When Rosa’s son, Lian, was born at 36 weeks following a difficult c-section, she and her husband learned that Lian had Down Syndrome. They learned that he had a heart defect. They learned that he would need many surgeries.
Understandably, it’s a lot for a family to hear all at once.
After months of waiting to meet her son, now Rosa was bringing Lian to visit cardiologists every week and visiting the hospital several times in the first months of Lian’s life.
He would undergo those surgeries and the stress that came with it. For everything the doctors did to help him live longer and grow stronger, there were also complications — blindness, allergies, blood clots, seizures, trauma.
“I kept returning to one encompassing fear,” said Rosa. “What if Lian didn’t survive?”
Overcoming the odds
But Lian did survive.
To Rosa’s Joy and relief, Lian kept reaching milestones. He accomplished so much even after undergoing two heart surgeries before his first birthday. He started crawling, then started walking. He started babbling, then started talking.
“Despite all the hardships,” said Rosa, “my son was strong. My son is strong.”
Today, Rosa describes Lian as her science boy.
“He’s so smart and so focused on what captures his attention,” she said. “Even by first grade, he was so he was so advanced, talking about the solar system and memorizing every US President in chronological order. He chases his interest, then jumps to the next one, and it’s so wonderful to see him so excited.”
In addition to Down Syndrome, Lian was also diagnosed with autism at an early age. For Lian, though, this has only proven to be a great strength. As Rosa describes it, Lian’s interests and focus helps him to learn new things and enjoy new activities, finding Joy in these special interests.
Finding Joy in music
What else does Lian love?
“I see that Joy most of all in his love for music,” said Rosa. “Lian has always liked music. As a kid, he’d drum out his own songs with make-believe instruments and his teachers always recommended music classes for him.”
That’s how Rosa and her family came to know JoyRx Music. The staff at Dell Children’s Comprehensive Care Clinic in Austin, Texas, saw his passion for music and recommended JoyRx to the family.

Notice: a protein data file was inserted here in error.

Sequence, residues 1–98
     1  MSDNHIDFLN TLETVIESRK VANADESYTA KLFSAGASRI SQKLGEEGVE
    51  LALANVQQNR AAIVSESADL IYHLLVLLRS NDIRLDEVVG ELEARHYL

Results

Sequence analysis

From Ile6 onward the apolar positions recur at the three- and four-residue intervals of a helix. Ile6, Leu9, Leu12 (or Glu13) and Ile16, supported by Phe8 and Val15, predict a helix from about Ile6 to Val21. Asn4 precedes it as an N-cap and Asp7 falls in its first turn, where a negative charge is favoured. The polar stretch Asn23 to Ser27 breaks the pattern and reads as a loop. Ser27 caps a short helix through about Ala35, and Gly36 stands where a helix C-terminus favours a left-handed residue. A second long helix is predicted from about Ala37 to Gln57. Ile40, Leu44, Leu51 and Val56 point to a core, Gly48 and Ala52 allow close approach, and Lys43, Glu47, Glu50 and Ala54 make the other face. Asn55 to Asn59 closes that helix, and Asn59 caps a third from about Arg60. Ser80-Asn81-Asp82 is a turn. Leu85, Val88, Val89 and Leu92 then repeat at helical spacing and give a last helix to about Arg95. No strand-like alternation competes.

Lian first met Kelsey, his JoyRx Music Specialist, via online, virtual learning due to COVID-19 restrictions in hospitals. He worked with Kelsey to learn guitar and Rosa saw the change in him almost instantly.
“He picked it up so quickly!” she said. “In just 20 minutes, he was practicing with my husband and already playing better than him!”
Rosa also noticed the change in Lian’s confidence, too. Playing with Kelsey made him feel good.
“Whatever he plays, whatever he does, he is rewarded with applause and cheers and that means the world to him: Music makes him feel happy,” she said.
The lasting impact of Joy
With the lifting of COVID-19 restrictions, and the establishment of live, bedside music in hospitals in Austin, Lian will be able to do in-person lessons in addition to his virtual sessions.
Rosa is grateful for everything Lian has overcome and discovered during his time learning with JoyRx Music.
“Music is his thing now,” she said. “Music is his medicine. When he’s playing, I can see his Joy.”
JoyRx Music means a lot to Rosa and her family.
“I get to see Lian, my happy boy, my interested boy, my musical boy — and I know it was the right choice,” said Rosa. “I see the love Kelsey has for the program, too, and that makes all the difference.”
For Rosa, Lian’s happiness and Joy is priceless.
“Music is part of his soul,” she said, “and through music, I can see his healing.”
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